And you need to hit that BB with a 1 immediately, too, before anyone else suffers as a result of such half-witted shenanigans. Glowing reputation my eye - that needs to be a previously-glowing-now-tarnished reputation for the good of us all, before the weekend is out. Nothing gets me quite as steamed up as non-payment, can you tell?


Exactly.

[Edited at 2011-02-18 18:13 GMT]


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Edward Potter  Identity Verified
Spain
Local time: 15:40
Member (2003)
Spanish to English
+ ...
Practical advice Feb 19, 2011

Get something, anything, now. And make sure it is documented.

This is proof that the colleague admits he owes you money.

People who don't have enough money to pay will resort to all sorts of things, including lying that they ever owed you anything in the first place.

But try to work out an installment plan, with the first installment paid now.

Good luck!


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Robert Forstag  Identity Verified
United States
Local time: 09:40
Member (2003)
Spanish to English
+ ...
A variant of Edward's suggestion Feb 20, 2011

I really don't think you need the headache of having this matter drag on for months, worrying about whether you will get the agreed installments, etc.

I would therefore suggest making an offer to settle things now with some discount to make things attractive to the outsourcer (20%, 30%, maybe even 40%). No, it isn't fair, but at least this way you will get something, and the issue will be over with.

If you do decide to go the installment route, I would suggest you: 1.) not apply any discount at all; 2.) [as Ed says] get something now; and 3.) not extend terms for more than 4 months (remember, you've already waited more than 2 months).

If you cannot come to immediate agreement under any of these terms, then I suggest you go to a collection agency to handle the matter (and also inform the debtor of your intention to report the matter to the IRS).

I think it necessary to play hardball with people who show bad faith, and that seems clearly to be the case here. You also have to deal with such people under the assumption that you have no desire to work with them again (and, therefore, you must cast off any squeamishness you might have about trying to stay in their good graces).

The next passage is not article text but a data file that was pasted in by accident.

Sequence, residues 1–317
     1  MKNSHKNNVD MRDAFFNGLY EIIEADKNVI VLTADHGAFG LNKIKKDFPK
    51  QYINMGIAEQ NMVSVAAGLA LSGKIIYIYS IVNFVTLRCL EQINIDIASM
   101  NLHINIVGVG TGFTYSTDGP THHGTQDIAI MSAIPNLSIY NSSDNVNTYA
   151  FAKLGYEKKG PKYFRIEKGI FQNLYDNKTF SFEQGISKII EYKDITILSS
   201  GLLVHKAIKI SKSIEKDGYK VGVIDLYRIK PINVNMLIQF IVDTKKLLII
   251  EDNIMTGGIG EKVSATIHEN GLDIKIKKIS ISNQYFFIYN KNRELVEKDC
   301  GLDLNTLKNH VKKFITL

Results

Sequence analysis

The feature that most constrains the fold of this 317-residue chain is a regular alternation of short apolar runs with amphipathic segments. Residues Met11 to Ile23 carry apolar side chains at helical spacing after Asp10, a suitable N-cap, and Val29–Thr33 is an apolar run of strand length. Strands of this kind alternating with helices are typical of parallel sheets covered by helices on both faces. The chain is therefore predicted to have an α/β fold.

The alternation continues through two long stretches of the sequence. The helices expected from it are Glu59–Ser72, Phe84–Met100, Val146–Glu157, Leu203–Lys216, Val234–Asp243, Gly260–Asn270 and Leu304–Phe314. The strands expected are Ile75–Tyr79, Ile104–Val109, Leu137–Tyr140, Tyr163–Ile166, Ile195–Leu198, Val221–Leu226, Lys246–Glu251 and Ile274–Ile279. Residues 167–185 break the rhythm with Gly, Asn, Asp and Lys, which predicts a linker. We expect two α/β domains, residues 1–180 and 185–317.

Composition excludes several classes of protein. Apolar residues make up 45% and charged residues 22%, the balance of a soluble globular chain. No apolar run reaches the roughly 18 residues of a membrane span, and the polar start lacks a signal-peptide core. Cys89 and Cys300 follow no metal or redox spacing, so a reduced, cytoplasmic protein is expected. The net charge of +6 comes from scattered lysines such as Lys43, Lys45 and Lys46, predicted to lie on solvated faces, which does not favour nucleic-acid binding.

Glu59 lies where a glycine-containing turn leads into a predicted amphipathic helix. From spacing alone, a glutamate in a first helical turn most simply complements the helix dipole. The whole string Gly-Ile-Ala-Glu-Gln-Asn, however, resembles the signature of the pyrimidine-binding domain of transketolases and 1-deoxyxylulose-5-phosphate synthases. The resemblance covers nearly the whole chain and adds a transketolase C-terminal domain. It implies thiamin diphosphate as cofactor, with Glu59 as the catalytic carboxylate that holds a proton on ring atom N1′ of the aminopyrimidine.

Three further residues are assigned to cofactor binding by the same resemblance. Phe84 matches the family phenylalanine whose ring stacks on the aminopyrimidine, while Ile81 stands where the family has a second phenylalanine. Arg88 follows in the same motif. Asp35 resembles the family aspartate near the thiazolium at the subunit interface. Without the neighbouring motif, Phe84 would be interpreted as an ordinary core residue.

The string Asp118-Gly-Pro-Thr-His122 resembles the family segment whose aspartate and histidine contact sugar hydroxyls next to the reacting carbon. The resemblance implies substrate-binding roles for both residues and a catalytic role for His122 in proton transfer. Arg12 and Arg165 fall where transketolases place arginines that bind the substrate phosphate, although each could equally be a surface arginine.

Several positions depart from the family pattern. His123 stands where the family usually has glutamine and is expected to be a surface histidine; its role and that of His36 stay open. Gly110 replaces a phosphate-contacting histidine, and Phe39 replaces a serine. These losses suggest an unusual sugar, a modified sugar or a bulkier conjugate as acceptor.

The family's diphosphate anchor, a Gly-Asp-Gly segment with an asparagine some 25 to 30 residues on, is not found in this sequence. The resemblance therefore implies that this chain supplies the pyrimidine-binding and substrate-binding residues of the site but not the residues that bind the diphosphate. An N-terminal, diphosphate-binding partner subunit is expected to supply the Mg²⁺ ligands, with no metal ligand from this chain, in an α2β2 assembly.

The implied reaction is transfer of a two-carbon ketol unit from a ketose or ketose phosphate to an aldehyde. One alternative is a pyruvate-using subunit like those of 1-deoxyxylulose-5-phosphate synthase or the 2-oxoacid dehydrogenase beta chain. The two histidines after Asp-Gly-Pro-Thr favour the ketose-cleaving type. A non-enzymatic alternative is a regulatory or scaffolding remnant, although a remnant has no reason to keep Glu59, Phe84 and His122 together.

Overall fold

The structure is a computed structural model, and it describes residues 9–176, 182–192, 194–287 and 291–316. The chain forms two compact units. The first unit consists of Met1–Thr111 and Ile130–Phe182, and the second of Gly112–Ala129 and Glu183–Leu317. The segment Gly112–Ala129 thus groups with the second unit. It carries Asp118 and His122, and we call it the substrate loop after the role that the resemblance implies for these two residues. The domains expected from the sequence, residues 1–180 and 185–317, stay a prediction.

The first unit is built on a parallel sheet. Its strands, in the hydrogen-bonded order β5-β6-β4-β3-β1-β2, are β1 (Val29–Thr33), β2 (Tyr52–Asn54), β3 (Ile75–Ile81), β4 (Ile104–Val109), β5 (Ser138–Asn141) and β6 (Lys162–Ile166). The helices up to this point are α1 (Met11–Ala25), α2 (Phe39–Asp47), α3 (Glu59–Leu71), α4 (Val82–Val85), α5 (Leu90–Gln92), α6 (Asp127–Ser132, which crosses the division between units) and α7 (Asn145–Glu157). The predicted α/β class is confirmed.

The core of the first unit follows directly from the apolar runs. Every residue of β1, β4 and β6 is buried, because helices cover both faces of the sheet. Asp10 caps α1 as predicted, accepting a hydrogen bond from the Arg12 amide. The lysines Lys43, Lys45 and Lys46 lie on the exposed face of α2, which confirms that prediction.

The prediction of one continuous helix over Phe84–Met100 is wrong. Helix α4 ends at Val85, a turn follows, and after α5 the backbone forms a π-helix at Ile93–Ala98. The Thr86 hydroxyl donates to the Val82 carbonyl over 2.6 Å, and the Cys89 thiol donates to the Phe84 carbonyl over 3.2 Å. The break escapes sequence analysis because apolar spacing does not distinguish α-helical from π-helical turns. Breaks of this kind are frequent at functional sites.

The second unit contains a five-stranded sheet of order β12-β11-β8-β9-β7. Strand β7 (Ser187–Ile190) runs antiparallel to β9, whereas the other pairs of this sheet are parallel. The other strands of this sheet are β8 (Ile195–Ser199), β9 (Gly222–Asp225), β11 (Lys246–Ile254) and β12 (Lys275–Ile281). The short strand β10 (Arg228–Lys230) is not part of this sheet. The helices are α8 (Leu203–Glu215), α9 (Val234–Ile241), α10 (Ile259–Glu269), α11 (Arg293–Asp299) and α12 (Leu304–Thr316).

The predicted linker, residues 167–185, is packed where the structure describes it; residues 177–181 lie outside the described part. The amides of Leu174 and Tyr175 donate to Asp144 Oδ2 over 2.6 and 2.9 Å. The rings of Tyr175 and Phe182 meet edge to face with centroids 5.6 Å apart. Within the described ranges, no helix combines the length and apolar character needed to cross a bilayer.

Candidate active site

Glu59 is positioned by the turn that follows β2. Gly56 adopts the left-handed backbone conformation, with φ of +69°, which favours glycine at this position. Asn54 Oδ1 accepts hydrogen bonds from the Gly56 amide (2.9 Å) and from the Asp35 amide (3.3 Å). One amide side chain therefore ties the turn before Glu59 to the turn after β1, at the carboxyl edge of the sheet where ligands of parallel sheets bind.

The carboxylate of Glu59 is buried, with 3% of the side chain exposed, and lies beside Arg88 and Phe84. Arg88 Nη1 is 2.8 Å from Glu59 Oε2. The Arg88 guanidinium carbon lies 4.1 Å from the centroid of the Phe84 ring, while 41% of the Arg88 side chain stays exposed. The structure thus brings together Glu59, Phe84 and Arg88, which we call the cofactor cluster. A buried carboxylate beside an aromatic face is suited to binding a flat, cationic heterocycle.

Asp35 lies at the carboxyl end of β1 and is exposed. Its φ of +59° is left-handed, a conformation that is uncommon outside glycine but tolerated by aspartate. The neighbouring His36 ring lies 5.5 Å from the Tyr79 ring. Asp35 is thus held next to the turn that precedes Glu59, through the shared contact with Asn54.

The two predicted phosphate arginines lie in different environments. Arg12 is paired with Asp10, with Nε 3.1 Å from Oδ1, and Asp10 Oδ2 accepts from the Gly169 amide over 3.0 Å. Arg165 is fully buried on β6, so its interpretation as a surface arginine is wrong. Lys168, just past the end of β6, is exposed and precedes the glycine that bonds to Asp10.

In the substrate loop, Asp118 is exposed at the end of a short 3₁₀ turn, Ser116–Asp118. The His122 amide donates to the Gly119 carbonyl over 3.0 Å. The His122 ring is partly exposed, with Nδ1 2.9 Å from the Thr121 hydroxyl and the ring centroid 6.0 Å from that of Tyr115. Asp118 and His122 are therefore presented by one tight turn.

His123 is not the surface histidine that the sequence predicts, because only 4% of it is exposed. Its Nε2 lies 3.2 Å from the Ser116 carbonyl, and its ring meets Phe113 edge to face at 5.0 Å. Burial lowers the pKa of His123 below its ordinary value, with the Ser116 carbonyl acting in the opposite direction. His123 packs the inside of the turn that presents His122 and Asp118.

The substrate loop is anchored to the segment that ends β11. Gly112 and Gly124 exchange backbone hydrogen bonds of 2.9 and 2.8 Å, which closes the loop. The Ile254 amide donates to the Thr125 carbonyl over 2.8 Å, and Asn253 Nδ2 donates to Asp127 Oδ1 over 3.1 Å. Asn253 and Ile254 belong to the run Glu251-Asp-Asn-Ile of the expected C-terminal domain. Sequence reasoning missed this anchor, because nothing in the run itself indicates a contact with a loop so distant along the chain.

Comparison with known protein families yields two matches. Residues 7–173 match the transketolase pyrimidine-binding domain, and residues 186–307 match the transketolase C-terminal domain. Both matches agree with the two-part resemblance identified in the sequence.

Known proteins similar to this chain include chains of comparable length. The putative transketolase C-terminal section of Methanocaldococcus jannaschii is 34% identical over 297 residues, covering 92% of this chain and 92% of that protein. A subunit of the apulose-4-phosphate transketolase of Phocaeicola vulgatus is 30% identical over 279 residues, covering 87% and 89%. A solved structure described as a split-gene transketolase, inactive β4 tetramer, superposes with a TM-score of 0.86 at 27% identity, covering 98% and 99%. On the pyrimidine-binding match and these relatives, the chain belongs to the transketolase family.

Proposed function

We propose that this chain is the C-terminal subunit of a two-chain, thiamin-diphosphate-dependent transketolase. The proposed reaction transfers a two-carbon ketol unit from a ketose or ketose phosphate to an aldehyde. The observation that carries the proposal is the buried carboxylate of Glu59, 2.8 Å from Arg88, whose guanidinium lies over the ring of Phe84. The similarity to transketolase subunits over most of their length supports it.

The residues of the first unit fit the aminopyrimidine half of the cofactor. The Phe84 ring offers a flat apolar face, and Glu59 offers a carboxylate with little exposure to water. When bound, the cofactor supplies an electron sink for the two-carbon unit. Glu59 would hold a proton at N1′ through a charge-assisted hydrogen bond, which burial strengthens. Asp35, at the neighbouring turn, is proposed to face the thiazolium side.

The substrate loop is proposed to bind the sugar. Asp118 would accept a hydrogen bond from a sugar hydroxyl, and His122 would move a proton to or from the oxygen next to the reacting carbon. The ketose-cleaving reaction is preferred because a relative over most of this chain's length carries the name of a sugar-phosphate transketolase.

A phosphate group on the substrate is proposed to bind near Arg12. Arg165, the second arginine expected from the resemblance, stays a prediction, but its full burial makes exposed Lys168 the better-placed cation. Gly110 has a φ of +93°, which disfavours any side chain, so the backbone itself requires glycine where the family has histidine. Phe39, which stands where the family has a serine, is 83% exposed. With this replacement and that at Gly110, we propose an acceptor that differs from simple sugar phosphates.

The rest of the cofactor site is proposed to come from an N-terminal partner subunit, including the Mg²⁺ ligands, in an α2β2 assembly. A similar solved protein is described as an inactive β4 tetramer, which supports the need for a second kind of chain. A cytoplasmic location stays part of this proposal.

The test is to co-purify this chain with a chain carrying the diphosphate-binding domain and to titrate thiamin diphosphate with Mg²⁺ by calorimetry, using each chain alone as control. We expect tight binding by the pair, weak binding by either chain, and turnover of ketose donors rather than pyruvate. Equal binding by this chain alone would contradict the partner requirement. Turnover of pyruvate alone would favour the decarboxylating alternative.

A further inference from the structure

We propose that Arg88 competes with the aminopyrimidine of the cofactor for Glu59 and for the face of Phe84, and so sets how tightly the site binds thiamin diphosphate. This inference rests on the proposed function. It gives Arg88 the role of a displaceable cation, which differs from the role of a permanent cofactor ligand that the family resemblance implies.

The kind of person you are dealing with preys on the decency and compunction of others in order to evade responsibility.

Good luck.

[Edited at 2011-02-20 21:38 GMT]


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John Fossey  Identity Verified
Canada
Local time: 09:40
Member (2008)
French to English
"Can't pay" vs. "won't pay" Feb 21, 2011

In collections, it is always necessary to distinguish between those who 1) can't pay, and those who 2) won't pay.

With those who can't pay but would be willing to if they could you might come to an agreement to pay by instalments, providing that they are not going to go bankrupt. If there is a possiblity of them going bankrupt its important to file a legal action before the bankruptcy trustee gets to court - its the only way to get any payment in this case.

On the other hand, if you determine that its someone who "won't pay" - i.e., they have the means but have chosen not to pay for whatever nefarious reason - you have every reason to throw the book at them.

I had a colleague unable to pay me for a variety of personal reasons and I allowed her to pay it off over a period of a year. She did pay, in full, in the end.

[Edited at 2011-02-21 04:18 GMT]